Playing against 10 opponents may be easier than playing against 11 opponents, because there are fewer of them, according to a revolutionary idea put forward by Stoke City manager Mark Hughes.
Stoke ran out comfortable 3-1 winners against Norwich City on Wednesday after Canaries midfielder Gary O’Neil was dismissed, subverting the expectations of most experts, who believed that O’Neil’s dismissal would be the catalyst for Norwich to cruise to victory.
Hughes said: “Most people reckoned Gary’s spirit would enter the bodies of his team-mates, leaving us with ten paranormally-boosted superhuman opponents. But I suddenly wondered if having more players on the field to create chances and score goals might actually help us instead.
One man down
“As a manager, I spent most of my career encouraging my players to kick the other team as hard as possible in the hope they’d be sent off,” the former Manchester City boss continued. “When that wasn’t possible, I liked to play with 10 men from the start, which is why I signed Steve Sidwell, twice.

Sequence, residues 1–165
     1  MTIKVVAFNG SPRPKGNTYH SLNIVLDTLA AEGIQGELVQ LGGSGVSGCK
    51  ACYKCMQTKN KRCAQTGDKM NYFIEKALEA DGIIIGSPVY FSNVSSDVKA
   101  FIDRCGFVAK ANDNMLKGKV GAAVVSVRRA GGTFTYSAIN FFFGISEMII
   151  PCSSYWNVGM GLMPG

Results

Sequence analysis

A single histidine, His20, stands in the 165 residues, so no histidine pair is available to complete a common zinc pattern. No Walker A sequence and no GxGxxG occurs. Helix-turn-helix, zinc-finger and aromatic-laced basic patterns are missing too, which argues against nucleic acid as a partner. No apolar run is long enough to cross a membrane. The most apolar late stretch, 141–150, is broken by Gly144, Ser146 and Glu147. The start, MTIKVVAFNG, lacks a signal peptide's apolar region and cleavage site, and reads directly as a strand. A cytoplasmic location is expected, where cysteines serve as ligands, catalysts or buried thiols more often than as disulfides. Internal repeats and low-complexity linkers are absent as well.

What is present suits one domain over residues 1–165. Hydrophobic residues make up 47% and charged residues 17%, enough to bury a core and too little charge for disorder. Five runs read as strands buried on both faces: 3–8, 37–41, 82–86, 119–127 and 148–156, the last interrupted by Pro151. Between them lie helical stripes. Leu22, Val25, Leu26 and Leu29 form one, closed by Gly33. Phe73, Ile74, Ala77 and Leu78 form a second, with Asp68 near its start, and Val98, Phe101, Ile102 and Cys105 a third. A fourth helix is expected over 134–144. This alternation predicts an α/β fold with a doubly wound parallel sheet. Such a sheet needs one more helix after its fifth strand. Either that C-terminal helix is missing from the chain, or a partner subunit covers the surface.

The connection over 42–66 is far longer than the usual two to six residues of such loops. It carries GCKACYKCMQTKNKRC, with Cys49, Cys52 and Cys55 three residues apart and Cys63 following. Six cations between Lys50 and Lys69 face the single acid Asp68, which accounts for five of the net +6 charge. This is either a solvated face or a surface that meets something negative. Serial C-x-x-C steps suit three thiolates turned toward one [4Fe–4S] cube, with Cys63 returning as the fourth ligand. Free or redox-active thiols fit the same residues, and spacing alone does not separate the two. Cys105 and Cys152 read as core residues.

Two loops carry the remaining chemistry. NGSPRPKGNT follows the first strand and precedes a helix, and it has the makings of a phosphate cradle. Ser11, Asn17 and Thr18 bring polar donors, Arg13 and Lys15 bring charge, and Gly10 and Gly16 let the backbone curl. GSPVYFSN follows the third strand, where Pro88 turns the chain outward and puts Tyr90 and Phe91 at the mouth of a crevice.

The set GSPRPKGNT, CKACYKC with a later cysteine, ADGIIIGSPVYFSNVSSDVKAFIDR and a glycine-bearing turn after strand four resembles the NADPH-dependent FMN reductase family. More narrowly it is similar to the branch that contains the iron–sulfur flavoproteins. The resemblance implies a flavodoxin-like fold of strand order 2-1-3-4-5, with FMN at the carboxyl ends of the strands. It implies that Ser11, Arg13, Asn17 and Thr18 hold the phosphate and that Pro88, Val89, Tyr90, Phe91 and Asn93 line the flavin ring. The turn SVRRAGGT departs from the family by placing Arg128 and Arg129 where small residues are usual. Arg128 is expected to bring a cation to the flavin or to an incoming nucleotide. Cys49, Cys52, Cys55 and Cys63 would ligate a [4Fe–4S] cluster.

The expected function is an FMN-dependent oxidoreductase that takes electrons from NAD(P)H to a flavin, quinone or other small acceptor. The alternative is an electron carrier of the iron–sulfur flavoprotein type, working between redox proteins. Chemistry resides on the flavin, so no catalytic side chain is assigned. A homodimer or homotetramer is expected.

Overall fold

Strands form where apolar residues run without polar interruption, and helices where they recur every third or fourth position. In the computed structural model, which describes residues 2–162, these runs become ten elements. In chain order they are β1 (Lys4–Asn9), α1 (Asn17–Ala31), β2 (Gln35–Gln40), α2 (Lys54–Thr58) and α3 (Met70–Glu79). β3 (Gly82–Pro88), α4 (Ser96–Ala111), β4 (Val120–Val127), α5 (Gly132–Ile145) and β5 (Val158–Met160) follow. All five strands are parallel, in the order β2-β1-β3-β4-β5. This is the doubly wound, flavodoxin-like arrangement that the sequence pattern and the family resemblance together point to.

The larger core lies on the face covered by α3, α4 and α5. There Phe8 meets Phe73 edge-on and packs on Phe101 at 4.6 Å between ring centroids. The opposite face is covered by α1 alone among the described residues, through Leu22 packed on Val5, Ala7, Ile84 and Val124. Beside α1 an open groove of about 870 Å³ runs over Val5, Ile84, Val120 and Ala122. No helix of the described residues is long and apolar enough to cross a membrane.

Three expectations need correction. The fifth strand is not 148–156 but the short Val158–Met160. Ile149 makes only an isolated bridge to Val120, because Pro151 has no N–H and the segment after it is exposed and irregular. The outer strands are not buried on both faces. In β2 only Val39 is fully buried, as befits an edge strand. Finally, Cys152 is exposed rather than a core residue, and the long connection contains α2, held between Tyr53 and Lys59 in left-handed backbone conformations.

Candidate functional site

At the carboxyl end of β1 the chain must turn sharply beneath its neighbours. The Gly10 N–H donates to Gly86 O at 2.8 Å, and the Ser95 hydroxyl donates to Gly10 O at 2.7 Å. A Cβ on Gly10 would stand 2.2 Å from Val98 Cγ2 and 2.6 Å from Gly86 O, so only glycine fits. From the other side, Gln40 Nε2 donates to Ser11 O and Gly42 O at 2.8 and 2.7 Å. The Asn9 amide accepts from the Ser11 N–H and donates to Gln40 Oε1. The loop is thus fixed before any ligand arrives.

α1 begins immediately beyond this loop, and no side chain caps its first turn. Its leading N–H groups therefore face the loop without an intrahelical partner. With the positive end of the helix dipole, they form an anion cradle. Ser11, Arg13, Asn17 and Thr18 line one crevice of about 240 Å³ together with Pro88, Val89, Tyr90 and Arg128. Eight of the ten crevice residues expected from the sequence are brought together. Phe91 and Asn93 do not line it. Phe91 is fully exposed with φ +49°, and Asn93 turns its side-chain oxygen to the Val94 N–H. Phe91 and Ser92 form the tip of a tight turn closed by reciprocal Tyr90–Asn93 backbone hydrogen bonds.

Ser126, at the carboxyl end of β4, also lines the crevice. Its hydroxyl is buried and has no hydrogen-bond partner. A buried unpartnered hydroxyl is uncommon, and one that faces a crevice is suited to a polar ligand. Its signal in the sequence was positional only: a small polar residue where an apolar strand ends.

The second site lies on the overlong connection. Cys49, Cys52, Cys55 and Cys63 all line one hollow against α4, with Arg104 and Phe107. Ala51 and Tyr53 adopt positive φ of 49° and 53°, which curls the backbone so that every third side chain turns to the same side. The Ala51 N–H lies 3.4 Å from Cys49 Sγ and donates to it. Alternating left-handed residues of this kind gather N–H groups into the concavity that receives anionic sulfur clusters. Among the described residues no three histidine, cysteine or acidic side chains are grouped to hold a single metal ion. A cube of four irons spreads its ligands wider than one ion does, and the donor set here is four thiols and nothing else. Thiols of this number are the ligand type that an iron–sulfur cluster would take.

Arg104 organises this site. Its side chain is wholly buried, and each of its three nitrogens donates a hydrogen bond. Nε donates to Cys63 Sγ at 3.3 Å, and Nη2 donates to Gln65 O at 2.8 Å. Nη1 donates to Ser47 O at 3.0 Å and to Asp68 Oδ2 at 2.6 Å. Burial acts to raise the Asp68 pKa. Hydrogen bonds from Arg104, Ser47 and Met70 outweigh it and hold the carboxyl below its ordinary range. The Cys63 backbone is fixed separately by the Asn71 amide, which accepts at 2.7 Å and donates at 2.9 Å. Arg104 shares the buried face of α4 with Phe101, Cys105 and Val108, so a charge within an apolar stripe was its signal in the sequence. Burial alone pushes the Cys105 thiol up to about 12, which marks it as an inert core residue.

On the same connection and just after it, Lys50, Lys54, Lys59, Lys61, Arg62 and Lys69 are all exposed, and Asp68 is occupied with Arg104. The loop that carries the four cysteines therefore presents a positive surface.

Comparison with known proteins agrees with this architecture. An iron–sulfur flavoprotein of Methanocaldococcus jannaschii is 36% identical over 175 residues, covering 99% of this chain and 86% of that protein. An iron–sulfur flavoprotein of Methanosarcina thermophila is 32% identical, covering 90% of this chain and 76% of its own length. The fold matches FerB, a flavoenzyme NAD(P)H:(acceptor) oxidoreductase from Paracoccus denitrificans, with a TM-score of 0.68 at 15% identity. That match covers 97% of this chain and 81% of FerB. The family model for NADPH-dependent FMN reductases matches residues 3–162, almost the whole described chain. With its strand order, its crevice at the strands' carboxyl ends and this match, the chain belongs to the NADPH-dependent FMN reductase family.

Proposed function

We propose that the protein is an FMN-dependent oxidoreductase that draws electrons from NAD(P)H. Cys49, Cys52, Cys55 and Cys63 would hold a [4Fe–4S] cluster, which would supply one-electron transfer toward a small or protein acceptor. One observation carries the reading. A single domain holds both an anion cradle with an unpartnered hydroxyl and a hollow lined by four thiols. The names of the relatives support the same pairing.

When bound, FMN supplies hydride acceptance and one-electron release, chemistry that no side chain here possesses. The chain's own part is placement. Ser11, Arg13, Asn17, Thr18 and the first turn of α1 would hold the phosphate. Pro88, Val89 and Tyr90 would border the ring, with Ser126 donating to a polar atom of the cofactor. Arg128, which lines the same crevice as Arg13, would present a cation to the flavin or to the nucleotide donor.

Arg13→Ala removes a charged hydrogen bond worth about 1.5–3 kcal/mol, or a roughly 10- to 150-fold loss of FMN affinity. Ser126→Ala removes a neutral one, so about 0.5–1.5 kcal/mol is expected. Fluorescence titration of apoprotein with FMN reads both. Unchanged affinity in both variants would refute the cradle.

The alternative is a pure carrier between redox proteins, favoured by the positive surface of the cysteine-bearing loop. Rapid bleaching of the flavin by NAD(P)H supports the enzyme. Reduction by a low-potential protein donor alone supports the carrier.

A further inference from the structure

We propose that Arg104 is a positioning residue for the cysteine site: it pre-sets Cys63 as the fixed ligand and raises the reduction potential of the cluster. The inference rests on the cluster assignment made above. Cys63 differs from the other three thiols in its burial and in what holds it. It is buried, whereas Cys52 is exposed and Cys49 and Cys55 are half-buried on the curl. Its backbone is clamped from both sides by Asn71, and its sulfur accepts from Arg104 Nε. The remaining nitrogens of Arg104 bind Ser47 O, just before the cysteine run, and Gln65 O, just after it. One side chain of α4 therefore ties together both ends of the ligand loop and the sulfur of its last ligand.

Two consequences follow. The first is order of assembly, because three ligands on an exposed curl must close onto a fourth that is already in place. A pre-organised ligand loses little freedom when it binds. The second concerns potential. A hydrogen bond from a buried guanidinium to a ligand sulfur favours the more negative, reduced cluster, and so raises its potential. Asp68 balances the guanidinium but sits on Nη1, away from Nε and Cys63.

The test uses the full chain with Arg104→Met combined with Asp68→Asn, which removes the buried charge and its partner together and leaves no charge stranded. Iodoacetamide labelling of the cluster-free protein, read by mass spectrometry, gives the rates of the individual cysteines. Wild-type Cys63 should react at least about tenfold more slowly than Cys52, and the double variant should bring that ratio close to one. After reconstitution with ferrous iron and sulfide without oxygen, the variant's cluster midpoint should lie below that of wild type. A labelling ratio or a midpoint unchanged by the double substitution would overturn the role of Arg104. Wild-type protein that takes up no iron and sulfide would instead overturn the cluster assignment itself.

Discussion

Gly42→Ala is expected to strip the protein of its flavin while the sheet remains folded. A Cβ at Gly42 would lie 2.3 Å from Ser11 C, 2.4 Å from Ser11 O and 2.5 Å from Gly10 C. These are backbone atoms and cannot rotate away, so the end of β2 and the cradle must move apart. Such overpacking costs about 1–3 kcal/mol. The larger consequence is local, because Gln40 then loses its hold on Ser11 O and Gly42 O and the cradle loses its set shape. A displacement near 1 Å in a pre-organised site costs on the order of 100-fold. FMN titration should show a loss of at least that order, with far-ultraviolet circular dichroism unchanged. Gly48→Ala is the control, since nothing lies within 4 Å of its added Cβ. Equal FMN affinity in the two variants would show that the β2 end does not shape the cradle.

“But maybe, just maybe, having fewer footballers might be, in football terms, a disadvantage.”
Hughes cautioned that the theory was still in its early stages. and refused to say whether the fabled 10-man-advantage might instead kick in at nine, eight or fewer men. But his bold suggestion was given short shrift by his managerial colleagues, who insisted that having fewer defenders made it easier to defend.
Sam Allardyce, speaking after his Sunderland side beat 10-man Swansea, said: “It’d been fairly even with 11-a-side, but as soon as we outnumbered them, I didn’t know how we were going to contain them. It was backs-to-the-wall stuff.
“If it hadn’t been for my brilliant tactical manoeuvres, which more or less concealed our numerical superiority, we’d have been overrun.”
Please note: This satirical news story is not real. But you knew that already, right?
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